Shah Shuja (Muzaffarid)

From Wikipedia, the free encyclopedia
Jump to: navigation, search
Picture of the tomb of Shah Shuja in Shiraz

Shah Shuja (Persian: شاه شجاع‎), was the ruler of the Muzaffarid dynasty from 1358 to 1384. He was the son and successor of Mubariz al-Din Muhammad.

Biography[edit]

In 1358, Shah Shuja blinded and imprisoned his cruel father Mubariz al-Din Muhammad, and thus succeeded him as the ruler of the Muzaffarid dynasty. Shah Shuja proved to be a less of a tyrannic figure than his father, but he was constantly fighting with his brothers, causing a long period of instability. In 1363 he marched against his first brother Shah Mahmud, who had been given control of Isfahan, although a peace was soon brokered. In the following year however, Shah Mahmud, with the support of his father-in-law Shaikh Awais Jalayir of the Jalayirids, invaded Fars and captured Shiraz. Shah Shuja would not be able to reconquer his capital until 1366. Shah Mahmud would continue to play and influential role in Iranian politics, using his marriage alliance to claim Tabriz from the Jalayirids after Shaikh Awais Jalayir died in 1374. He occupied the city but soon gave up after he was struck by illness. He died the next year, allowing Shah Shuja to occupy Isfahan.

Shah Shuja then marched on Tabriz himself, but was forced to turn back when internal conditions in Fars deteriorated. His second brother Shah Muzaffar's son, Shah Yahya, rose in revolt in Isfahan. Having to make peace with the Jalayirids, Shah Shuja offered to marry his son Zain al-Abidin to a sister of the Jalayirid ruler Shaikh Hussain Jalayir. The Jalayirids refused the offer and invaded, although Shah Shuja managed to prevent them from getting any further than Sultaniyya. Before dying in 1384, he named his son Zain al-Abidin his successor and his third brother Imad al-Din Ahmad as governor of Kirman. Not satisfied with the arrangement, Shah Yahya advanced against Shiraz, but was expelled from Isfahan by the city's populace and was forced to flee to Yazd. On his deathbed, Shah Shuja wrote a letter to Timur, who was then campaigning in Azerbaijan, in which he gave his sons' loyalty to the conqueror.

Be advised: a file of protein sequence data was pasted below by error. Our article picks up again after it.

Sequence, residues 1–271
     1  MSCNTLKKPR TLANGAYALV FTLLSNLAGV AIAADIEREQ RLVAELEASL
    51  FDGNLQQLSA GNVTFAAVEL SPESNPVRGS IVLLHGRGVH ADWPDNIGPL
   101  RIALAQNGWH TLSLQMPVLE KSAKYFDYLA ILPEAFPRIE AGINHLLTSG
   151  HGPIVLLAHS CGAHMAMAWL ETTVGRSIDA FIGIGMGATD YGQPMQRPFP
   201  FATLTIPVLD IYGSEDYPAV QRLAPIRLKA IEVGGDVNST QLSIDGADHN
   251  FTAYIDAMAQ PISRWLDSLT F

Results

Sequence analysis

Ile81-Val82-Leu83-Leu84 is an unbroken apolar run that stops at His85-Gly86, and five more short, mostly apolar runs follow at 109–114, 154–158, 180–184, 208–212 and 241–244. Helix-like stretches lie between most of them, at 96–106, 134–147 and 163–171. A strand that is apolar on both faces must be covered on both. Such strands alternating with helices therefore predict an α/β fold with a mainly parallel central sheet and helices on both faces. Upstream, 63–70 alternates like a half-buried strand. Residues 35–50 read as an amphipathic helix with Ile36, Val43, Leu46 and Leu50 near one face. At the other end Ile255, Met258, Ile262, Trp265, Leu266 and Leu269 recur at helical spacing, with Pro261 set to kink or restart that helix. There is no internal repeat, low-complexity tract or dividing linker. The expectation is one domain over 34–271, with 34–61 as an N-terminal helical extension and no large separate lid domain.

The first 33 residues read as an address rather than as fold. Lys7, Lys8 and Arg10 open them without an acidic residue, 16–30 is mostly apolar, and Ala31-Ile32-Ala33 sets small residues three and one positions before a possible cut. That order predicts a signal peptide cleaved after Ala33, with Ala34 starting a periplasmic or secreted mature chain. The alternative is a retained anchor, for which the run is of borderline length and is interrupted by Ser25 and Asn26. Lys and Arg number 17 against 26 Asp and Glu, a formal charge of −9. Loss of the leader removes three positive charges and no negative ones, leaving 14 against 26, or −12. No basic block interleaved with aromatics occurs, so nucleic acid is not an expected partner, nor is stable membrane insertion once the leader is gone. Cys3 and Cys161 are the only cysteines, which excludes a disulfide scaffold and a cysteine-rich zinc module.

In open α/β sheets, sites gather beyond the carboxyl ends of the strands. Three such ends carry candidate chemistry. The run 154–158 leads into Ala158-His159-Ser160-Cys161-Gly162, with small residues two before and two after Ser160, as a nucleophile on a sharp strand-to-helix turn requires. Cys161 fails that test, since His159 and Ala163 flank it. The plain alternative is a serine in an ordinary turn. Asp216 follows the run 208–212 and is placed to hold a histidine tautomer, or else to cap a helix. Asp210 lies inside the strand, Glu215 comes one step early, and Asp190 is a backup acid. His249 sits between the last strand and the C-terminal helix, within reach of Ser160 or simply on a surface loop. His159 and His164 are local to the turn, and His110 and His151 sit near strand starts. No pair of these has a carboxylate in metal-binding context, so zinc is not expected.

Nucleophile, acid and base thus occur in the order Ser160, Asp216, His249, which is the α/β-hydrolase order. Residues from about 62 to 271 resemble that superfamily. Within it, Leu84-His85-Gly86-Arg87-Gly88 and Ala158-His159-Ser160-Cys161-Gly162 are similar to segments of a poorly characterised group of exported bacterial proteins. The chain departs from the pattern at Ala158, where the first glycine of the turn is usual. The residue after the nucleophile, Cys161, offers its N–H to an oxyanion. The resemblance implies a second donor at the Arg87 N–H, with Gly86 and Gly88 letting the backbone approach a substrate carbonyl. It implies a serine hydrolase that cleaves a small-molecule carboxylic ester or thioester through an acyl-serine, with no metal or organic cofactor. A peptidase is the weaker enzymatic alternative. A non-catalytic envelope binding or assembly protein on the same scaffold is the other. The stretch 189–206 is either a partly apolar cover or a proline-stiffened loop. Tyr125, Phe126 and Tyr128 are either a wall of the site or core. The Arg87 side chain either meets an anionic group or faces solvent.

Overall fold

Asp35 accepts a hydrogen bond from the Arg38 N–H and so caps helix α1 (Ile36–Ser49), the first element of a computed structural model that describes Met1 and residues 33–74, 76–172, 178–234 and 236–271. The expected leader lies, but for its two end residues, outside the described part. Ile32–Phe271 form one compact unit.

Sources[edit]

  • Jackson, Peter. "Muzaffarids." Encyclopaedia of Islam, Volume VII (Mif-Naz). New ed. 1993. ISBN 90-04-09419-9
  • M. Ismail Marcinkowski, Persian Historiography and Geography: Bertold Spuler on Major Works Produced in Iran, the Caucasus, Central Asia, India and Early Ottoman Turkey, with a foreword by Professor Clifford Edmund Bosworth, member of the British Academy, Singapore: Pustaka Nasional, 2003, ISBN 9971-77-488-7.
  • Roemer, H. R. "The Jalayirids, Muzaffarids and Sarbadars." The Cambridge History of Iran Volume 6: The Timurid and Safavid Periods. Edited by Peter Jackson. New York: Cambridge University Press, 1986. ISBN 0-521-20094-6
Preceded by
Mubariz al-Din Muhammad
Muzaffarid ruler
1358–1384
Succeeded by
Zain al-Abidin